The oppressively ugly tangle of plastic sheeting and two-by-fours that’s dominated the Hart Building atrium for several months is, paradoxically, a reminder of just how much inspirational beauty infuses the Capitol complex.
The art that fills the place is astonishing in its stylistic variety and civic symbolic range. The millions of tourists who flock to the Hill are spoon-fed a taste by their guides. But the aesthetic richness and historical insight that’s quite literally built into the place is widely overlooked by many, if not most, of the people who actually work there.
Day in and day out, one of the best ways to distinguish an outsider from an insider is this: Visitors, newcomers and interns slow traffic in the halls by gawking at their surroundings. Regular aides, lawmakers and advocates hustle down the corridors with their eyes on their smartphones, oblivious to the aesthetic enlightenment surrounding them.
Staffers should seize an opportunity to play against type this summer, now that their bosses have gone, the lobbyists have scattered and the tourist crush has started to slacken. For those aides stuck in their cubes for even part of the next four weeks, connecting with the art that fills their work environment ought to be part of their August recess bucket list — right up there with taking in DC Beer Week or one of the 14 Nationals home games before Congress returns. Because Hart is home to fully half the senators’ personal offices, its nine-story interior courtyard is a convenient place to start. It’s an important one, too, because what’s happening there is instructive about the balky congressional approach to its own collection, particularly in this tight budgetary time.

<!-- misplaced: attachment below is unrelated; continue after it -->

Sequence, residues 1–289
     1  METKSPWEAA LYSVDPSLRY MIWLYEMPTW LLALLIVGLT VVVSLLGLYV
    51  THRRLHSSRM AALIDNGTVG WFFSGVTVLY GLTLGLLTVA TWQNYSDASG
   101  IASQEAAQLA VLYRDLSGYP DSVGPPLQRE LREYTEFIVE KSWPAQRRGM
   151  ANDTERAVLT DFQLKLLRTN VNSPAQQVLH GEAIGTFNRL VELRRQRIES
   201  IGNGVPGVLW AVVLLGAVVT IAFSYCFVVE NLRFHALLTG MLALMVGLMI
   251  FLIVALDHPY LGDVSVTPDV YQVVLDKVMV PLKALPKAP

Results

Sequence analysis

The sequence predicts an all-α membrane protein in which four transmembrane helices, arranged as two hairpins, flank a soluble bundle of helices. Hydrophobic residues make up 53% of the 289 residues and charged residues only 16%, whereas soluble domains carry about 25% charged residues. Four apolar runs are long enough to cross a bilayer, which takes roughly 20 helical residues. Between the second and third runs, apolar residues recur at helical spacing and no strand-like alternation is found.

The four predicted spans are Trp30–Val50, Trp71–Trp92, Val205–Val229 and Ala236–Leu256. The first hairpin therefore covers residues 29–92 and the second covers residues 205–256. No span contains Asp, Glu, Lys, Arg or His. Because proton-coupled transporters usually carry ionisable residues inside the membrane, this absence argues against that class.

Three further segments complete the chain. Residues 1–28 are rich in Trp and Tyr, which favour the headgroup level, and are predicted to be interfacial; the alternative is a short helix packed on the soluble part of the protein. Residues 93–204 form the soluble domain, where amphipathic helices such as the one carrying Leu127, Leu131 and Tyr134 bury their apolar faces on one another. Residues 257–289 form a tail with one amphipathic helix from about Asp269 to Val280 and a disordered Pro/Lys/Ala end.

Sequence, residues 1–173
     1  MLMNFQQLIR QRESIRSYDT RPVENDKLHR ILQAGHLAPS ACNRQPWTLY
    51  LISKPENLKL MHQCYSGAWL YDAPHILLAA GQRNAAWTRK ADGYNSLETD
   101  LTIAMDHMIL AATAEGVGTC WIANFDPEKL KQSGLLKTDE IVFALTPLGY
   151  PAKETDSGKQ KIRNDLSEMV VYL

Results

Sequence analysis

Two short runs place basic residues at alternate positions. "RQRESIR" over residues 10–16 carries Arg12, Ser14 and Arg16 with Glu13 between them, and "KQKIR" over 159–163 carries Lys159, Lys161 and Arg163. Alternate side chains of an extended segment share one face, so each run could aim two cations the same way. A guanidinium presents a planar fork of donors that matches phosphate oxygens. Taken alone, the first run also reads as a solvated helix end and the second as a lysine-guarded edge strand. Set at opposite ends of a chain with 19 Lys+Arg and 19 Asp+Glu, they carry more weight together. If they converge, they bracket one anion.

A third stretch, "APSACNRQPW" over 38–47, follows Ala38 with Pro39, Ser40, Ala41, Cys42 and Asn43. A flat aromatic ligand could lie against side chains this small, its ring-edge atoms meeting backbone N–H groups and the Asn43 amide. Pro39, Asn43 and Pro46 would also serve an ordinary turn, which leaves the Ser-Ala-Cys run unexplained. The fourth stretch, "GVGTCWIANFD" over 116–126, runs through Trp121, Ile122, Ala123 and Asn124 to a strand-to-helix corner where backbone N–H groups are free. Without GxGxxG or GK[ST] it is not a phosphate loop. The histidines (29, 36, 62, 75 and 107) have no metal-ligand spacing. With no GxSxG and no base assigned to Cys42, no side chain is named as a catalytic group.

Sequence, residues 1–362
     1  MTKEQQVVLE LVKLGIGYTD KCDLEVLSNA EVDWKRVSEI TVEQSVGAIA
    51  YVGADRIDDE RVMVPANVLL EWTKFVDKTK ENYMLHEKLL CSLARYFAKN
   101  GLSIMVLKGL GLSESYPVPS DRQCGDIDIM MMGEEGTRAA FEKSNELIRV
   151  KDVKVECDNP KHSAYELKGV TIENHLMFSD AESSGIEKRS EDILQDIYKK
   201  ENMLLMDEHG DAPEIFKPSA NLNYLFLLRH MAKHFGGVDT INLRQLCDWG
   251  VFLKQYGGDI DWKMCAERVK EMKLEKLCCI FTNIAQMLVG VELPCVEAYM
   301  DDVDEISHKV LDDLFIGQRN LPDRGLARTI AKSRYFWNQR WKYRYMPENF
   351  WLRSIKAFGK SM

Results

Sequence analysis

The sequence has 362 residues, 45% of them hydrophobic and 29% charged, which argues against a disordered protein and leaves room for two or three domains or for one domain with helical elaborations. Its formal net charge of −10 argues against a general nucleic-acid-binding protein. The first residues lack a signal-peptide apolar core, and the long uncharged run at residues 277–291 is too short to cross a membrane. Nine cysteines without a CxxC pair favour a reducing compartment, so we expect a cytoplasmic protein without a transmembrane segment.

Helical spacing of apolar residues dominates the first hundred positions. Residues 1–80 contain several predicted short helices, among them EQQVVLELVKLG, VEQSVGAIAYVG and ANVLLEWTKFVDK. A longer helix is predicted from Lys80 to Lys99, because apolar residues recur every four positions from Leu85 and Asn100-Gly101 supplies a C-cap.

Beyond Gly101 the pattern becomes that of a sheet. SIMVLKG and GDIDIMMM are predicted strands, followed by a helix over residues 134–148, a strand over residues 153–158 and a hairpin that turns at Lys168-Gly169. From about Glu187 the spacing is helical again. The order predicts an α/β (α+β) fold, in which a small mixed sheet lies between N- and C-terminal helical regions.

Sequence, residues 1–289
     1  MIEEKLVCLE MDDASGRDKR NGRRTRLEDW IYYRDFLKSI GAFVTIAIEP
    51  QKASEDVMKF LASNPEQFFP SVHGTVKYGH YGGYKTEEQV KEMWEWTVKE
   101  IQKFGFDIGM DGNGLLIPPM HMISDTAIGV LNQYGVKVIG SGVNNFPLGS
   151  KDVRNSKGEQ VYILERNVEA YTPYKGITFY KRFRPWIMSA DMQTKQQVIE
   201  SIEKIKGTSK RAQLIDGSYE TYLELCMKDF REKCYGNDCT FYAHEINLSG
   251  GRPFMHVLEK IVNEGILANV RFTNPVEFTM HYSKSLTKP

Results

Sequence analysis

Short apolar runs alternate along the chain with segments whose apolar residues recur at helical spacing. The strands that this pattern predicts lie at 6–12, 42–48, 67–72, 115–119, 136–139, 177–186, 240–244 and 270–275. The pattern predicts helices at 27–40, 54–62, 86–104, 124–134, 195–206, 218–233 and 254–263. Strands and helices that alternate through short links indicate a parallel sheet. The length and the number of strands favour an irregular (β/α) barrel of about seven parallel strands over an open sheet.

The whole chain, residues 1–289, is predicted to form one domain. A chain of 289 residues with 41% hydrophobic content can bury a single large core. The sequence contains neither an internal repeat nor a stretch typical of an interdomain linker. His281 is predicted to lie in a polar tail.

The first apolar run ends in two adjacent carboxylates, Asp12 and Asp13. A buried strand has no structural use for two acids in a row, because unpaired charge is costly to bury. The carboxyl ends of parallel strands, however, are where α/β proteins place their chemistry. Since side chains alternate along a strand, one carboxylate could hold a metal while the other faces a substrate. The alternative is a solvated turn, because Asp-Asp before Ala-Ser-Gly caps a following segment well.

“Mountains and Clouds” is the most notable modern art on the Hill — and the piece that’s undergoing some of the most intensive conservation scrutiny at the moment.
It’s the very last work of Alexander Calder, one of the greatest American sculptors of the past century. (He delivered his final model to congressional officials the day before he died in 1976.) It’s also the only Calder combining a fixed sculpture (36 tons of black sheet steel “mountains” soaring 51 feet off the floor) and a mobile (four black aluminum “clouds” spanning 75 feet over the pinnacle, suspended from a single rod and weighing in at 4,300 pounds.)
Using equipment already in place for skylight and roof repairs, the clouds were lowered last December into the makeshift plastic-and-wood workshop, where engineers are on course to decide by the end of this year if the 2011 earthquake damaged the sculpture’s structural integrity. If the clouds pass their stress tests, Congress will have to decide whether to spend a bit to put them back the way Calder intended — attached to the ceiling with a bearing allowing them to gently rotate. (The initial hardware froze more than a decade ago.)
A push to get that done has been promised by Democratic Sen. Christopher S. Murphy of Hart 303 as well as Connecticut, where Calder did much of his work. It’s going to be a tough sell, for two reasons.